My Candidate for the Ebola Reservoir Organism (was Re: Chimpanzee Ebola outbreak)

Doug Yanega dyanega at denr1.igis.uiuc.edu
Sun May 28 12:06:37 EST 1995


In article <Pine.SOL.3.91.950527223520.12380B-100000 at corona>, Patrick
O'Neil <patrick at corona> wrote:

> > : > The newest issue of science (19 May 1995, Vol 268, Pgs974-975) has a
> > : short article on an outbreak of ebola in chimpanzees that occurred last
> > : November. This is the one on the Ivory Coast's tai Forest. Also, this is
> [...]
> > 
> > : I'm staggered to see how, for something so prominent as Ebola, the "left
> > : hand doesn't know what the right is doing" - all the evidence suggests
> > : that the reservoir of the virus is something the chimpanzees eat,
> > : something people who eat monkeys eat, and (logically) is probably a
> > : mammal, most likely a primate. There have, however, been several
> > : recently-published studies on the diet of wild chimps, and their main prey
> > : are *Red Colobus monkeys*. How come with all the high-profile activity, no
> 
> This could well turn out to be true but other human cases have had 
> (apparently) nothing to do with monkeys or chimps.  In any case, though 
> Red Colobus monkeys are a major prey of chimps, it is still not the only 
> prey.  Chimps have been known to bring down small deer and related 
> animals too.  Considering the rarity of Ebola infections, I would also 
> tend to think that it might be linked, following your logic, to a 
> relatively rare prey of the chimps.  They occassionally kill prey X and 
> prey X is sometimes infected with Ebola.

I don't question that there are a few points not entirely explained by the
hypothesis. My point was that there are certainly more things *pointing*
to the Colobus monkeys than any other possibilities, as per the list
above. The Science article specified that there have been many cases among
people who eat monkeys, and I've seen other articles specifically
proposing that there must be "some as-yet unidentified primate serving as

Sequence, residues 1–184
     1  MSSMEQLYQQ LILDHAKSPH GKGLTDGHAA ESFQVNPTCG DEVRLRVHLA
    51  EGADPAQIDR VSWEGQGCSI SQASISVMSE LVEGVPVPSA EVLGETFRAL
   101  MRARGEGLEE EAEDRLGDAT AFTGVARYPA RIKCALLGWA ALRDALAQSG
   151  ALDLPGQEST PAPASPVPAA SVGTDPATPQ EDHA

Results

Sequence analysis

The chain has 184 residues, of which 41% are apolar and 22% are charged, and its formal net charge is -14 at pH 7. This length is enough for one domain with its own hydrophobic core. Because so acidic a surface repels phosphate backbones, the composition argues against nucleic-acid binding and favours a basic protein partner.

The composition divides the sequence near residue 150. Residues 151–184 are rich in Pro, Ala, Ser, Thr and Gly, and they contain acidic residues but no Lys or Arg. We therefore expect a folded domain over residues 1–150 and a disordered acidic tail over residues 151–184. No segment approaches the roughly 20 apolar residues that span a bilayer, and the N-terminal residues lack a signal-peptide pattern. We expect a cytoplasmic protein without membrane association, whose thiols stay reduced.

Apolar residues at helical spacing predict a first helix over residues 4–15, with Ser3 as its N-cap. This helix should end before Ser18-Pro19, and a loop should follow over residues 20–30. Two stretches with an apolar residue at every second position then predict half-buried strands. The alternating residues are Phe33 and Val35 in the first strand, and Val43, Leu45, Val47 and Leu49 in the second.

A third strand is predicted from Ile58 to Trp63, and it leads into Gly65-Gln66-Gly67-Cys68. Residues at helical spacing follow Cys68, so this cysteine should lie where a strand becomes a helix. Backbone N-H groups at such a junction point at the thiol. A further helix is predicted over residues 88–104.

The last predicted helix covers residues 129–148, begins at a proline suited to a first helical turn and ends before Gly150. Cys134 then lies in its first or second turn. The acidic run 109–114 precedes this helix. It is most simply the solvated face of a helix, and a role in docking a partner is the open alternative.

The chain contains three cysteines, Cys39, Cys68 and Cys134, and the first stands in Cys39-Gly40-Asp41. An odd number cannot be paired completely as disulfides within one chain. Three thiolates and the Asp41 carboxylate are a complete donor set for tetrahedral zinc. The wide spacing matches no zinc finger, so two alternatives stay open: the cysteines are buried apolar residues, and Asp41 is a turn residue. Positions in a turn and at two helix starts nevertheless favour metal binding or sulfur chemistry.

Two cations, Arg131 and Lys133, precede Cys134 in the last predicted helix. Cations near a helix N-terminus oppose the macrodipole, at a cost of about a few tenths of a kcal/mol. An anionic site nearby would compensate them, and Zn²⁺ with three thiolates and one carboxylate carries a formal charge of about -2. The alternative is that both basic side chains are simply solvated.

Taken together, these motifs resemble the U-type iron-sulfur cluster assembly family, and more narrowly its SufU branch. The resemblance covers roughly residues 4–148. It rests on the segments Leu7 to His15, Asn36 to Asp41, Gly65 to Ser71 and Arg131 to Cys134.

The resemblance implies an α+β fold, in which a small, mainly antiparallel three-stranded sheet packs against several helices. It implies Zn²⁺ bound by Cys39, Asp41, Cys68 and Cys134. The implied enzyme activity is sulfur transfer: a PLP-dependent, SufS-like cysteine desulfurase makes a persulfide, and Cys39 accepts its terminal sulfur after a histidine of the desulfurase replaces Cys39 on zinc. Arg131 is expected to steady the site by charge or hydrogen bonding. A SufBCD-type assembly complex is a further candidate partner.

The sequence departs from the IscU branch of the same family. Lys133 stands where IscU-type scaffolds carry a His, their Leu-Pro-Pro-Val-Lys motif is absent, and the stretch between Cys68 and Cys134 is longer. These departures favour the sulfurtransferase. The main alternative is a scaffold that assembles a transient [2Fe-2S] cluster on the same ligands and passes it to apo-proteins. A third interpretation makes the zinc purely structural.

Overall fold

reservoir" - but which then go on to essentially propose that the virus
"must be transferred by insect vectors," because they saw that as the only
way for chimps to be affected. This clearly suggests to me that those
authors were unaware that chimps ate other primates. Colobus are not the
main item in the chimps' *diet*, which is largely vegetarian, but when
they *do* catch prey, it is mostly Colobus monkeys. This could indeed be a
relatively rare occurrence, for chimps to catch a Colobus that happens to
harbor the virus. Yes, conceivably it could be bush pigs or deer, but I
was following the suggestion by others that a *primate* reservoir was the
most likely scenario. 
   Given all the logical reasons to suspect Colobus monkeys, then, why has
no one ever suggested that they should be a primary target, especially
those folks *investigating* the disease? It would seem to be a sorry
excuse for detective work if an entomologist (which is what I happen to
be) can come up with a better lead by reading semi-popular literature
(Natural History, Science, and Nature) than the folks who are presently
directly responsible for solving the problem. I was posting here
essentially in hope of provoking either (a) someone who can indicate to me
that this is NOT a new hypothesis (the most likely event, we can only
hope!) or (b) someone well-versed enough and intimately placed enough to
recognize this *is* something that's been overlooked and act on it.
Sincerely,
-- 
Doug Yanega
Illinois Natural History Survey, Center for Biodiversity
607 E. Peabody Dr. Champaign, IL 61820  USA
"There are some enterprises in which a careful disorderliness is
    the true method" - Herman Melville, Moby Dick



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